Experts suggest population-based screening for diabetes, hypertension in India

18 November 2021 | Views

Early detection and treatment of diabetes and hypertension through widespread screening is a potential strategy to reduce the substantial lifetime health and cost burdens associated with these illnesses in India

image credit- shutterstock

image credit- shutterstock

India faces a high burden of diabetes and hypertension. Currently, there is a dearth of economic evidence about screening programmes, affected age groups, and frequency of screening for these diseases in Indian settings.

A study, funded by Department of Health Research, Government of India, has assessed the cost effectiveness of population-based screening for diabetes and hypertension compared with current practice in India for different scenarios, according to type of screening test, population age group, and pattern of healthcare use.

A meta-analysis was done to assess the effectiveness of population-based screening. Primary data were collected from two Indian states (Haryana and Tamil Nadu) to assess the cost of screening.

The incremental cost per quality-adjusted life-year (QALY) gained across various strategies for population-based screening for diabetes and hypertension ranged from $0·02 million to $0·03 million. At the current pattern of health services use, none of the screening strategies of annual screening, screening every 3 years, and screening every 5 years was found to be cost-effective at a threshold of 1-time per capita gross domestic product in India.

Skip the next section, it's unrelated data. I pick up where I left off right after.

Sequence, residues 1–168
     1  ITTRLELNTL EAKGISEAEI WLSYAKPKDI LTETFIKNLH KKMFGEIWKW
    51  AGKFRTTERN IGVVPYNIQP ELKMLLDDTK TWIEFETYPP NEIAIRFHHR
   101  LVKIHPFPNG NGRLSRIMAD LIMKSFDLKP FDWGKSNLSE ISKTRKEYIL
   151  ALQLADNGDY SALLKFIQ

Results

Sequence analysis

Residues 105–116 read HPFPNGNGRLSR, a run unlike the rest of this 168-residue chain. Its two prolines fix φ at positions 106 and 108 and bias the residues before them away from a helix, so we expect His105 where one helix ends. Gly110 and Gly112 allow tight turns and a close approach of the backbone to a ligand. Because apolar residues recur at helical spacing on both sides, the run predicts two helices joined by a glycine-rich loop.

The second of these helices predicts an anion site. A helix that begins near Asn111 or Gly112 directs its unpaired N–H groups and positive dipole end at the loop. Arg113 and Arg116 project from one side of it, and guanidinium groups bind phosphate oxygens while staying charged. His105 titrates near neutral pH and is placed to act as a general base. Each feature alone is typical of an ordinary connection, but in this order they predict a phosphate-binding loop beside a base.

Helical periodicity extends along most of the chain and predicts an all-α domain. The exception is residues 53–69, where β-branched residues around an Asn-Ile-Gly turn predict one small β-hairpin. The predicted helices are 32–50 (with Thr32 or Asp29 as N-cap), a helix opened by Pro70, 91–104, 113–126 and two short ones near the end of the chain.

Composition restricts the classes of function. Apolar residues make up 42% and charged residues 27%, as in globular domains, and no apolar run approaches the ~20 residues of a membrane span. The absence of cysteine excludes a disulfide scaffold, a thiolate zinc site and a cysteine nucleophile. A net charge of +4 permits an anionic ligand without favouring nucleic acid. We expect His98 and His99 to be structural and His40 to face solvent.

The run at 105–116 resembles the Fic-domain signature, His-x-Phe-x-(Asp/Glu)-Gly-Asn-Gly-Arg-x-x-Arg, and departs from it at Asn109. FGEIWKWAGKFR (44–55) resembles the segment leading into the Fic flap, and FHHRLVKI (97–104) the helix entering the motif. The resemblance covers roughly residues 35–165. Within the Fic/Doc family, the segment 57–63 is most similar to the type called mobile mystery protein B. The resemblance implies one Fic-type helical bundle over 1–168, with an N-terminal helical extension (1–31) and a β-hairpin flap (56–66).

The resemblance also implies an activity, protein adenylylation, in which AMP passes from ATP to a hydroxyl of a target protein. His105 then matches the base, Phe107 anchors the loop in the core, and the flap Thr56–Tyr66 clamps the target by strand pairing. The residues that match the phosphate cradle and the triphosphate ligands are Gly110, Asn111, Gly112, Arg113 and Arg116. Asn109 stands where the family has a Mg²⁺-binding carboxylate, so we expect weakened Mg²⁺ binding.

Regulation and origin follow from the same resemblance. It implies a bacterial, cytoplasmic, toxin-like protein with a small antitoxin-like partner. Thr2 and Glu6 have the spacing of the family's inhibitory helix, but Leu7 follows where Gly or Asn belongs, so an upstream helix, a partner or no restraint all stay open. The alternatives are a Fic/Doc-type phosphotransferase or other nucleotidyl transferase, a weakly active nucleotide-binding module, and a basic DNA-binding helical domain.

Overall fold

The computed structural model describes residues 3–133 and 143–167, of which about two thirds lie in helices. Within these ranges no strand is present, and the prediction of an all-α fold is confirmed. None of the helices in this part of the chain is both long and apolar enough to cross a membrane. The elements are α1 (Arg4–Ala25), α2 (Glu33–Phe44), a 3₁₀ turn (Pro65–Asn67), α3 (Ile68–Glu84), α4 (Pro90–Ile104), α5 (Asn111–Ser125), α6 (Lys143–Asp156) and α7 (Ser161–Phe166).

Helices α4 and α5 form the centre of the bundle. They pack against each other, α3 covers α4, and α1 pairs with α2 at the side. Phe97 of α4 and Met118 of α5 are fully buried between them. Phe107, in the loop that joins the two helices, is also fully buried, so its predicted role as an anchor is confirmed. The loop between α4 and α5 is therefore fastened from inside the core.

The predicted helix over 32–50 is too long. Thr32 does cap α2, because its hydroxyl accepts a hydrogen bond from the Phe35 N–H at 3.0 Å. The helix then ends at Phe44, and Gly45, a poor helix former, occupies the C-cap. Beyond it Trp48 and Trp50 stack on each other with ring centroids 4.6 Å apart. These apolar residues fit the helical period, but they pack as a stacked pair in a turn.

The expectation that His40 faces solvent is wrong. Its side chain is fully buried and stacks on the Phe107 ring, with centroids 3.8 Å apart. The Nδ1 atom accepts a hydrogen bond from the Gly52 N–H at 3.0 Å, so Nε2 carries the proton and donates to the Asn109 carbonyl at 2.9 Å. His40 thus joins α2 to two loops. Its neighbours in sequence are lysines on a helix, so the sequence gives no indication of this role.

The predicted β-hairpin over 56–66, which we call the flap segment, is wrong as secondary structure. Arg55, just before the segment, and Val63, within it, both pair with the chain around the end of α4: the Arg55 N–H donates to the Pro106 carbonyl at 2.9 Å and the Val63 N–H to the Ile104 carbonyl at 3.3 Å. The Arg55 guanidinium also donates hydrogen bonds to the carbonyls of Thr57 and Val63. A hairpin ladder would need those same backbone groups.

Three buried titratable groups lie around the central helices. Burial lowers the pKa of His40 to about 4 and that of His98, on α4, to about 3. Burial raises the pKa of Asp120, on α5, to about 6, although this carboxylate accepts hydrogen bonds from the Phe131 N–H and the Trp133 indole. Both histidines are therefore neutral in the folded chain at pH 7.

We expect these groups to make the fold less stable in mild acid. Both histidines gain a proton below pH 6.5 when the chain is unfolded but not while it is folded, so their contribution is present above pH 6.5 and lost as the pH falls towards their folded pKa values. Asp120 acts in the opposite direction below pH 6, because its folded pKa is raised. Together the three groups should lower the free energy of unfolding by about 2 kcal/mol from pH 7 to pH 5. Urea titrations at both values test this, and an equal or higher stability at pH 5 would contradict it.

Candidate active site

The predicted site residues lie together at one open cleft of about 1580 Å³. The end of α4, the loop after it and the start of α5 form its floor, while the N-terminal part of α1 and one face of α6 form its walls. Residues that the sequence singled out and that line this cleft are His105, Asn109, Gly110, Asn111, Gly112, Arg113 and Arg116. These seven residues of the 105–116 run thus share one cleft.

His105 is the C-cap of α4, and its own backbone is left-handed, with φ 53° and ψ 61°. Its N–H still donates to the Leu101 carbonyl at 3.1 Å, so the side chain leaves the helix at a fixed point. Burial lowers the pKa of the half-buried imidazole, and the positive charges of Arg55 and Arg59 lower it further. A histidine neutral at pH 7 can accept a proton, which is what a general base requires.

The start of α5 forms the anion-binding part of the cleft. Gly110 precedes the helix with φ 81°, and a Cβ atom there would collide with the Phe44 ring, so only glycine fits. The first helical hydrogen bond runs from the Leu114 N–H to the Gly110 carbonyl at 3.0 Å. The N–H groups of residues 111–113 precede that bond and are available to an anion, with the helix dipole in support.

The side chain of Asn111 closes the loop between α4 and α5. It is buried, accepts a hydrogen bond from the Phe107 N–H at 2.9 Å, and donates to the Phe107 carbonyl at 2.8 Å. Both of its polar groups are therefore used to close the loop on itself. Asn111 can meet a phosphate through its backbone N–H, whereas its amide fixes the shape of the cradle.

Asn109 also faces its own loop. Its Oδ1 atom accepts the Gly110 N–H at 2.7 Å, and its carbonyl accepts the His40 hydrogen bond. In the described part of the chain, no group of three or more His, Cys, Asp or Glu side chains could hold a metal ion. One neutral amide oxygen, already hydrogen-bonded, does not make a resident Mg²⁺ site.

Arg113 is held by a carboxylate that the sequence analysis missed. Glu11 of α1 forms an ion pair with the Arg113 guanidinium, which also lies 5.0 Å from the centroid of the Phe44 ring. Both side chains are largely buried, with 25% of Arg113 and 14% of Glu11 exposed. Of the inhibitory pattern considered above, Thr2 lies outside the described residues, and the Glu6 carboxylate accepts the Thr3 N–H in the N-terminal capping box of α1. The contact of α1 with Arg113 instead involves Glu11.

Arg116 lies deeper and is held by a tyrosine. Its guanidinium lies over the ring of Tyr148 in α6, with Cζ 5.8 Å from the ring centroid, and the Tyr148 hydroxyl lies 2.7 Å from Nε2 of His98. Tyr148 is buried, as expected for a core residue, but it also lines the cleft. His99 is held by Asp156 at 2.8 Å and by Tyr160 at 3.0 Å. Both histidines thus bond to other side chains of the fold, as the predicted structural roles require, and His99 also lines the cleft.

"If the share of treatment for patients with newly diagnosed uncomplicated diabetes or hypertension at health and wellness centres increases to 70%, from the existing 4% at subcentres and primary health centres, annual population-based screening becomes a cost saving strategy", said Gunjeet Kaur, Department of Community Medicine and School of Public Health, Post Graduate Institute of Medical Education and Research, Chandigarh.

According to the researchers, population-based screening for diabetes and hypertension in India could potentially reduce time to diagnosis and treatment and be cost-effective if it is linked to comprehensive primary health care through health and wellness centres for provision of treatment to patients who screen positive.

Adding his perspective on the need for a national policy to address the growing burden of diabetes, Dr Parag Shah, Endocrinologist, Gujarat Endocrine Centre said, “Unfortunately, out of the total number of diabetic populations 70% of cases occur in low- and middle- social income countries (LMIC) which results in consumption of high-calorie foods as well as decreasing physical activity. Keeping this global scenario in mind and particularly for India, it is very essential that we have a national policy such as public and healthcare provider education programs. There is an urgent need to translate the prevention initiatives into the policies to detect the individuals at risk and allow them access to the proper lifestyle either through counseling or through the structured lifestyle intervention programs. This is particularly essential because once individuals develop diabetes especially type 2 diabetes it is very difficult for a country like India to have the huge burden of diabetes which would take a huge tear on our health resources."


Dr Manbeena Chawla



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